Erich Ludendorff was a German general who gained renown during the First World War, primarily for his efforts on the eastern front. He and future German President Paul von Hindenburg built a military empire in the east that lasted until the Germany’s defeat in 1918. Ludendorff was deeply antisemitic, an early supporter of Hitler, and a high-profile supporter of the false “Stab-in-the-Back” theory.
World War I (1914–18) saw the first use of poison gas as a weapon of war. In this oil painting, John Singer Sargent depicted the aftermath of a mustard gas attack on British soldiers during a battle in August 1918. A line of soldiers, with bandaged eyes injured by the gas, hold on to one another as they are led to medical treatment. Around them are rows of other soldiers injured by the effects of the mustard gas, which could cause injuries such as burns and temporary blindness. © IWM (Art.IWM ART 1460)
Adolf Hitler was the undisputed leader of the National Socialist German Workers Party—known as Nazis—since 1921. In 1923, he was arrested and imprisoned for trying to overthrow the German government. His trial brought him fame and followers. He used the subsequent jail time to dictate his political ideas in a book, Mein Kampf—My Struggle. Hitler’s ideological goals included territorial expansion, consolidation of a racially pure state, and elimination of the European Jews and other perceived enemies of Germany.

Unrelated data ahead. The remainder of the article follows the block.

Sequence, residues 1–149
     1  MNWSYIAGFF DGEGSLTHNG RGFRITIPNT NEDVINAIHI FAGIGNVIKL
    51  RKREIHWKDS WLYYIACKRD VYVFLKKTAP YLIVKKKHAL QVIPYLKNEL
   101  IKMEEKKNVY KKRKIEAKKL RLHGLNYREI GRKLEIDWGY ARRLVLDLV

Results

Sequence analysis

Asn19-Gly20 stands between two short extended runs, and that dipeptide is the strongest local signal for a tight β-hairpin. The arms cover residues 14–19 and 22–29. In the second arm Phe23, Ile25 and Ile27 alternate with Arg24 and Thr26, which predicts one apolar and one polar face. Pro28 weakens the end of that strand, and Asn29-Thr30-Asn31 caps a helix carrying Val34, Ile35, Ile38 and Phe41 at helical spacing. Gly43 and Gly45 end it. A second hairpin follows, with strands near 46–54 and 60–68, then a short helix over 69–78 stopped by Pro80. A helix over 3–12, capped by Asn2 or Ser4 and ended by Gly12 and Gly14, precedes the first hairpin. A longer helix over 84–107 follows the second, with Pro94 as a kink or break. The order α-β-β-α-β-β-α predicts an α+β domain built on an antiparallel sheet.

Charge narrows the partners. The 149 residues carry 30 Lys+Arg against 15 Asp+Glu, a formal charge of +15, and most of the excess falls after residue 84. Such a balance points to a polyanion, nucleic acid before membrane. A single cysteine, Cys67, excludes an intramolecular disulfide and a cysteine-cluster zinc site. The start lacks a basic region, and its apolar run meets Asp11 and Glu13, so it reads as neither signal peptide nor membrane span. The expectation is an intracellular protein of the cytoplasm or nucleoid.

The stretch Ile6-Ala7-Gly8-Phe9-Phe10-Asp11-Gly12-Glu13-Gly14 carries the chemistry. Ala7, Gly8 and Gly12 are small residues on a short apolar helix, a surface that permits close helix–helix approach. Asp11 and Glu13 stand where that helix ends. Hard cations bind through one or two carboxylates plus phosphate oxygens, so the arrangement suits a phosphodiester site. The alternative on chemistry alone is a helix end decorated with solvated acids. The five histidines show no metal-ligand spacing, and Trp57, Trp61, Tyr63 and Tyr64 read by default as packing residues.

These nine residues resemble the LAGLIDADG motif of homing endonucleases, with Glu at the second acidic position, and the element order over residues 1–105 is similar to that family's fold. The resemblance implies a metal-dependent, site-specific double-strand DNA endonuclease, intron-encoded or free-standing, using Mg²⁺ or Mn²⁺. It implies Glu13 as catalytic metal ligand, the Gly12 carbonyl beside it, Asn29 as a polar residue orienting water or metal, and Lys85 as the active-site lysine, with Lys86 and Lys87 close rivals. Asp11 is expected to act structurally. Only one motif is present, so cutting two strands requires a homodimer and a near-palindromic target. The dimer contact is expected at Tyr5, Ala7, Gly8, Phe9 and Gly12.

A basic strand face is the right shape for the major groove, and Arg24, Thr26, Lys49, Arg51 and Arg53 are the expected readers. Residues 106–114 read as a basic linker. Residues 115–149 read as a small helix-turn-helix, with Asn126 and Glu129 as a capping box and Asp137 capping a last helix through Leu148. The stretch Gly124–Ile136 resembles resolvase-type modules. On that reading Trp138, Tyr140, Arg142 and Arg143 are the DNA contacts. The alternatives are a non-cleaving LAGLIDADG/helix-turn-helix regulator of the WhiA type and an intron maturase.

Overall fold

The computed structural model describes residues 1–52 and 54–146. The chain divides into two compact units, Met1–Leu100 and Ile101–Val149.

This timeline chronicles the relationship between the professional military elite and the Nazi state. It pays specific attention to the military leaders’ acceptance of Nazi ideology and their role in perpetrating crimes against Jews, prisoners of war, and unarmed civilians in the name of that ideology.
Before the Nazi takeover of power in 1933, Germany had a thriving Jewish population with strong community organizations. Jews had lived in Germany since Roman times. They were well integrated into German society—they spoke the language, identified with the nationality, and worked alongside non-Jews.
Martin Niemöller (1892–1984) was a prominent Lutheran pastor in Germany. He emerged as an outspoken public foe of Adolf Hitler and spent the last seven years of Nazi rule in concentration camps. He is perhaps best remembered for his postwar words, “First they came for the socialists, and I did not speak out…”
As Allied troops moved across Europe in a series of offensives against Nazi Germany, they found tens of thousands of concentration camp prisoners in deplorable conditions. Malnutrition and disease were rampant, and corpses lay unburied. The soldiers reacted in shock and disbelief to the evidence of Nazi atrocities. In addition to burying the dead, the Allied forces attempted to help and comfort the survivors with food, clothing and medical assistance.
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